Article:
Next up was throw bag practice. We set up in the parking lot and started out just tossing the bags themselves back and forth, then moved on to deploying the ropes. The goal was to get it within arms reach of your partner. I definitely need some practice on this. Throw bags take a while to repack, and sometimes you may need to make a second throw more quickly, so we practiced coiling up the throw-bag rope and tossing the coils. The goal is to be able to deploy a throw bag, coil, and make a second throw within 20 seconds.
We finished up the morning by going over some hand signals. After a break for lunch, we’d met down in Cañon City at a city park along the Arkansas River, where we’d get in the water.
After everyone got suited up, we started the afternoon with a quick walkthrough, going up and down the riverbank to look at the water features we’d be dealing with. None were particularly nasty, but the Arkansas was running relatively high, so we’d be dealing with a lot of water.
Our first swim was pretty simple, jumping in, heading downstream, and catching an eddy on the opposite side. Once everyone did that, we swam back across to an eddy downstream of where we’d gone in. This was more of a familiarization swim, but as someone whose whitewater swimming experience before the class was pretty limited, it had the benefit of getting me used to navigating the river from a duck’s eye view and switching between defensive and aggressive swimming (defensive being floating along with your feet downstream near the surface, while aggressive is a front crawl stroke).
The next swim was a bit more challenging. We swam out into the current a bit further downstream and went through a hole (where the water flows over an obstacle and curls back on itself). Then we caught an eddy on the opposite side of the river. This was a bit of a ride. Our next task was swimming back to the other side and catching an eddy. About half a dozen of us (all river guides) decided to walk upstream a bit and catch the hole again. I definitely got dunked a bit more the second time around.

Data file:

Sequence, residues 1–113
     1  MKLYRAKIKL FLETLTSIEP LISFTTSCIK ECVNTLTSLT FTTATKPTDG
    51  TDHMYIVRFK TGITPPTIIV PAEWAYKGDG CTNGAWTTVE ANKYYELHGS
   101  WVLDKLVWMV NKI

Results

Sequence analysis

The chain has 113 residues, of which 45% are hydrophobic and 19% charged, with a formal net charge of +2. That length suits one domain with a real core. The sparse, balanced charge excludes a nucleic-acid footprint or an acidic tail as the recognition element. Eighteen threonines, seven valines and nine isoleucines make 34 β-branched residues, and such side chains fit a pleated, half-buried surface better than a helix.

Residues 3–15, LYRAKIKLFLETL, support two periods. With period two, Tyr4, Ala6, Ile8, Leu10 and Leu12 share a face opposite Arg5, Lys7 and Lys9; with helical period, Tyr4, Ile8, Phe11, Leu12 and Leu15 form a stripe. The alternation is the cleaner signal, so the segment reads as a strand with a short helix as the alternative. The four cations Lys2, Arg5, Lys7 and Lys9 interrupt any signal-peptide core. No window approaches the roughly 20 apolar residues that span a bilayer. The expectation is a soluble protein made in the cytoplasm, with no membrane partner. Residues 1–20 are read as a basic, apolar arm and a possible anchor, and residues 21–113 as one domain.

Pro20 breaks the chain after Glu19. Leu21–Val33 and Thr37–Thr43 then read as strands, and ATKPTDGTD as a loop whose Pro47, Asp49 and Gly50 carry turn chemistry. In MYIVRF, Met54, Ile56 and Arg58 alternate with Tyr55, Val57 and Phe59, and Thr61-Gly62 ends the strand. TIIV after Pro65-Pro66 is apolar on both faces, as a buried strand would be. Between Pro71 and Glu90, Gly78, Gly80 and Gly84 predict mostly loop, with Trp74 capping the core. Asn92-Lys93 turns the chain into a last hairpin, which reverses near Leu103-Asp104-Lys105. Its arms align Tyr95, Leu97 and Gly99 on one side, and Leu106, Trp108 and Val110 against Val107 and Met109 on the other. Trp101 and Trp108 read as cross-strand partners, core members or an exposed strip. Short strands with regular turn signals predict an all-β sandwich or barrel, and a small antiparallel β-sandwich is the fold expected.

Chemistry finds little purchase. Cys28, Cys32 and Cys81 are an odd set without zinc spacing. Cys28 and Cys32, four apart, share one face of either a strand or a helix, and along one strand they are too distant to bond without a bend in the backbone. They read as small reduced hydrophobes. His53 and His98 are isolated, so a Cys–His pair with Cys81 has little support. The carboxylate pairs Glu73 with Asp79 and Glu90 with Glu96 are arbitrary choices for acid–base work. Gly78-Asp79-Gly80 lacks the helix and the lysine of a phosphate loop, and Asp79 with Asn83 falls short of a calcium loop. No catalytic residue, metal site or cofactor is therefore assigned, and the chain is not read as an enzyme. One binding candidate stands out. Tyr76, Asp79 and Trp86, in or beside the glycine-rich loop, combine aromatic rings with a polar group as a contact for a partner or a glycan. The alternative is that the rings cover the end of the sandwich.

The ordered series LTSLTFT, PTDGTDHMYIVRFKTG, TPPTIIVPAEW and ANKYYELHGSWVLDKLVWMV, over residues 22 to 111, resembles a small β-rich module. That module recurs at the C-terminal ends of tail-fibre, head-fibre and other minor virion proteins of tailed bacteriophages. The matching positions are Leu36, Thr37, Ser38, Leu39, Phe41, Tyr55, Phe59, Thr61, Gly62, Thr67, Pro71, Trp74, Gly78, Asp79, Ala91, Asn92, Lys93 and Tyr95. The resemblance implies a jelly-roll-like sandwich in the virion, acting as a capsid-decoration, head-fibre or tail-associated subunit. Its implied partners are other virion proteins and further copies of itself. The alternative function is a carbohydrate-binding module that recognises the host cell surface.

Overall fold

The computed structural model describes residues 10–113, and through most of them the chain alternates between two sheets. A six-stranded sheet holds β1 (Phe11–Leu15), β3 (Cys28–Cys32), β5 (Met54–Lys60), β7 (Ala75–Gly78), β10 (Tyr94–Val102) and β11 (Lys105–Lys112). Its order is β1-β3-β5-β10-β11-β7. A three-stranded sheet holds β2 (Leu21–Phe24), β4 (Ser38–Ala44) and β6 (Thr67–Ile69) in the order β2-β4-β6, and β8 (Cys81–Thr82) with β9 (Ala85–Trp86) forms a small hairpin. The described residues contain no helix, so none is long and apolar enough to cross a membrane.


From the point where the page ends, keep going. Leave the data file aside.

We did some throw bag practice with live victims. Here it’s not just throwing the bag accurately but also being prepared to belay the victim once they’ve grabbed the rope and swing them into shore.
The order of operations for rescuing someone in the water is “Reach, row, throw, go.” Getting in there with them is generally a last resort. However, part of being a trained swiftwater rescuer is being prepared for that, so we worked on some contact rescues. Here you’ve got to time your jump into the water as the victim floats downstream, swim out, grab them, then grab a throw bag rope and swing both of you to shore. If you don’t get a throw bag, you’ve got to swim them to shore yourself, which is quite a bit more work.
One way to avoid the issue of missing the throw bag is to tether a rope to you before you go in the water. This is a pretty dangerous operation since getting tangled up in a rope that holds you under is a good way to drown. A critical piece of safety gear for this is a PFD with a quick-release ring on it so you can detach yourself from the rope. We did some practice just swimming out with a tether and feeling how the water flows over you when you’re stationary at the end of a rope. Then we pulled the quick release and swam to shore. On the other end of the rope, the person holding the rope and belaying the swimmer was tied into a shore anchor to keep them securely in place.
Moving on to applying this skill, we did a “live bait” rescue where a tethered rescue swimmer grabs the victim. During my first run at this, I had just gotten to the victim and barely grabbed on before the person belaying me yanked me to a stop. Matt let me have another run right away. On that second run, I got a good grip on the victim. As we were being pulled to shore when the rope suddenly went slack. It turns out the belayer had run out of rope. We were both left floating downstream and had to catch a throw rope and swim to shore.
During the day, I’d accumulated quite a bit of water in my dry suit. Partway through the afternoon, I discovered that the main zipper wasn’t completely closed, so I didn’t know whether it was operator error or an issue with the suit.
We were back out at Royal Gorge Rafting again for Day 3.